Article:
Having run the gauntlet of protesters this morning (mostly HRC folks bussed in from a dozen states), I’ve been sitting in the RBC meeting all day. They’re just wrapping up the Michigan arguments before breaking for a much-delayed lunch. The committee is expected to make a decision after lunch but the buzz around the room is they will likely only decide Florida along the lines of below and may leave Michigan for the credentials committee to decide later on.
The Florida delegation held a mini impromptu press conference outside of the room where the RBC is meeting here at the lovely Marriott Wardman Hotel in Washington. Senator Bill Nelson, former senator Bob Graham, Jon Ausman, Broward County Democratic Party Chairman Mitch Ceasar, Congressman Robert Wexler and others were unified in insisting that their full delegation is seated, but all seemed resigned to having only half a vote – superdelegates and pledges delegates alike. “I’m speaking for the people of Florida, I’m not speaking for a candidate here,” said Senator Bill Nelson, who presented Florida’s case before the committee and has endorsed Clinton. “I think we’re going to get this decided today for Florida… If the full Florida delegation is seated representing the vote on January 29 that is the acceptable outcome for Florida.”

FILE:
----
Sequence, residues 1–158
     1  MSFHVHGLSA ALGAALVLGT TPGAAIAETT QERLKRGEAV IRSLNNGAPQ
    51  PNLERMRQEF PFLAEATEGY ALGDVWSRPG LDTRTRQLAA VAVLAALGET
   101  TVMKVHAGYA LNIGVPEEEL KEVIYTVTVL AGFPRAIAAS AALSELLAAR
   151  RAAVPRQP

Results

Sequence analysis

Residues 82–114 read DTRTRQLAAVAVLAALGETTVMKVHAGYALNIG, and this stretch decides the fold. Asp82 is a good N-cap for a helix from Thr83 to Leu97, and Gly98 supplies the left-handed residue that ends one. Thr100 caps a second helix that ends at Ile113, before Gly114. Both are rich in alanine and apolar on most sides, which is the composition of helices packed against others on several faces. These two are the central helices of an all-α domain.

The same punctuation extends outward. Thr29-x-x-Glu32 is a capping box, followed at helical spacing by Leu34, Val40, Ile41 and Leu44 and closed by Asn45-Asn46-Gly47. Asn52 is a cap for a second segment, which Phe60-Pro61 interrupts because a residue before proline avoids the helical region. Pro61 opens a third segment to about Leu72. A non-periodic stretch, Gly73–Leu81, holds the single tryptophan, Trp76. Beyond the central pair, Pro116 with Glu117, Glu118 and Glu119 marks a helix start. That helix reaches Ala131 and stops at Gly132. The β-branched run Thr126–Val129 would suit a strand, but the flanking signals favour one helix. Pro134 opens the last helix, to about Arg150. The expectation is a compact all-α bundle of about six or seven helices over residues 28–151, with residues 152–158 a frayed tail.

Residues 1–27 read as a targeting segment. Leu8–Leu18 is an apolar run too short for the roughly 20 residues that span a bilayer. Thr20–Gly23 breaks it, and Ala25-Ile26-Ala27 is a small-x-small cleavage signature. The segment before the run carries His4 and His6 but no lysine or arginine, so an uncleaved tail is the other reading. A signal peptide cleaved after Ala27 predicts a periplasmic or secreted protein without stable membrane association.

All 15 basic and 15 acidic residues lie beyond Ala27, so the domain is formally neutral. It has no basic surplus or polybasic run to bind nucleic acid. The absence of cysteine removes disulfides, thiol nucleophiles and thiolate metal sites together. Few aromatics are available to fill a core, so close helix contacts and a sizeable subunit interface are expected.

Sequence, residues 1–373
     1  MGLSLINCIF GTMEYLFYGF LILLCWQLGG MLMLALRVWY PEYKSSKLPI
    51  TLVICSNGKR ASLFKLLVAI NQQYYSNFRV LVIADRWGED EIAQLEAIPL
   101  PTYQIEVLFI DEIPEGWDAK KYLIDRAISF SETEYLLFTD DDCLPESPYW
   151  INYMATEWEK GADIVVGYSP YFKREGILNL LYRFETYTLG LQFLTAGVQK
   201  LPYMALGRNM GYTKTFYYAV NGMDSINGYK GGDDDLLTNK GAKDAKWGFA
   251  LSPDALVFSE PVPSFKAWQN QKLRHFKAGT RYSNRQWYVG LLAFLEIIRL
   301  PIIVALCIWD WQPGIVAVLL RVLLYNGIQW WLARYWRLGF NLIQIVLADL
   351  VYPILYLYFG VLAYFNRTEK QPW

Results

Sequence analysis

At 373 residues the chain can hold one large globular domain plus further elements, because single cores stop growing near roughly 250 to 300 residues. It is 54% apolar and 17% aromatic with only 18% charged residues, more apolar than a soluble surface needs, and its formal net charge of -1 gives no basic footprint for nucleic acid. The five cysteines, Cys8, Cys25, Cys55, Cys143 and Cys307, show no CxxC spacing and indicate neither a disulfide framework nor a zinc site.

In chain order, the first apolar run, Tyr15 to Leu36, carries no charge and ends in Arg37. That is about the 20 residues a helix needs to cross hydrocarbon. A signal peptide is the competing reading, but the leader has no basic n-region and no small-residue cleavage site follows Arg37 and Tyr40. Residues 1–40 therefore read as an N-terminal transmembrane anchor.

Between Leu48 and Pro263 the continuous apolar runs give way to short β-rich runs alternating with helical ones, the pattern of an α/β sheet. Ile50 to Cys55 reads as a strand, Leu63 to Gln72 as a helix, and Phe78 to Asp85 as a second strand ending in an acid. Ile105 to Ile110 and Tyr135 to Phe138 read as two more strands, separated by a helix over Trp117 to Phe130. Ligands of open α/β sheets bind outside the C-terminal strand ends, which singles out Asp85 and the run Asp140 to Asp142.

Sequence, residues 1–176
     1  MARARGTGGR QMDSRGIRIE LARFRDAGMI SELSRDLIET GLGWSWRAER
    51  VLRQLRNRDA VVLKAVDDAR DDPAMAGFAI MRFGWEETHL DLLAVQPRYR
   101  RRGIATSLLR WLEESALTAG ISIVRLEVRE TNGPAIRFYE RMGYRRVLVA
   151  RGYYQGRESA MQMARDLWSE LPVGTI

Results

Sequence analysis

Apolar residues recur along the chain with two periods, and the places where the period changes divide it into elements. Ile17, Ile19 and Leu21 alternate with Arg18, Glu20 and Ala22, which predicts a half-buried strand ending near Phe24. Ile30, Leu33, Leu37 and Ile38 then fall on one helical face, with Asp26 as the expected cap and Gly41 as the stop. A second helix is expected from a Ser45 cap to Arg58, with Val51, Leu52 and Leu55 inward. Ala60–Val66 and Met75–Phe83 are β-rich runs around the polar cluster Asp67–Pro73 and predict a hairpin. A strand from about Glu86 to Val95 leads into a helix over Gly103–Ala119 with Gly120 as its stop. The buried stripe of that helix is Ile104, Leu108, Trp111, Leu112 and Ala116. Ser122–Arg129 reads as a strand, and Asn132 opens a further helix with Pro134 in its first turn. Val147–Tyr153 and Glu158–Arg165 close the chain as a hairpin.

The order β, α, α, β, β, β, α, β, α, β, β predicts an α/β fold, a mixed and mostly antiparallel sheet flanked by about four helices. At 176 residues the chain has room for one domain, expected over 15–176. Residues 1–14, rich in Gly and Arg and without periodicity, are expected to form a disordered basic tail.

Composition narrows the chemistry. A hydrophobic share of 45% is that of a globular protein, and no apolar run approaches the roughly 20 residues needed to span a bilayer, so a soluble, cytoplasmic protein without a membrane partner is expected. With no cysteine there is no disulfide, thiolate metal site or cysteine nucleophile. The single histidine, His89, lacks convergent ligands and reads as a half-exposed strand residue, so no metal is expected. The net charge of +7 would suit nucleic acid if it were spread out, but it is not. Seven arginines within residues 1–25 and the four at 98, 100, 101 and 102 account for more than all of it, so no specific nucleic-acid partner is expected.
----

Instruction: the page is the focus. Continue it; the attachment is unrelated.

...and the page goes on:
The plan, outlined by Florida petitioner Ausman, would seat the full delegation but each with half a vote – a proposal opposed by the Clinton campaign which wants to see 100% of the delegation seated with 100% of the vote. Ausman’s plan calls for the seating of the superdelegates with full votes but outside of the meeting he acknowledged it would be “okay” if they receive half votes. Ausman, who endorsed Dennis Kucinich and is currently uncommitted, praised the Obama campaign’s willingness to compromise since it could’ve demanded the delegates be apportioned pre-January 29th which would net Clinton six delegates instead of 19. “It’s a very generous offer and shows one of the campaigns coming half way,” he said. “For sure the other campaign needs to do the same thing.”
David Plouffe, Obama’s campaign manager who is also attending the meeting, echoed: “19 is not chopped liver… She’s essentially being given gift wrapped a significant number of delegates.”
More to come…
The committee seated both delegations but gave each only half-votes. Clinton netted 24 delegates from the day but her supporters were verging on hysterical throughout the last 40 minutes of the meeting, heckling the panel for its decision. It was one of the ugliest Dem-on-Dem scenes I’ve ever witnessed, including chants of “McCain 08,” “Bastards,” and “Denver.” Not to mention “Lipstick on a Pig,” “Why don’t you resign?” (shouted at Don Fowler after he said he’d vote for the Michigan deal for the sake of party unity), “How could you do this to us?” and “You’ve stripped me of my party.” After the meeting adjourned women sat sobbing on the floor or ranting to tv cameras. The decision may have cinched the nomination for Obama, but clearly there’s a lot of party healing to be done.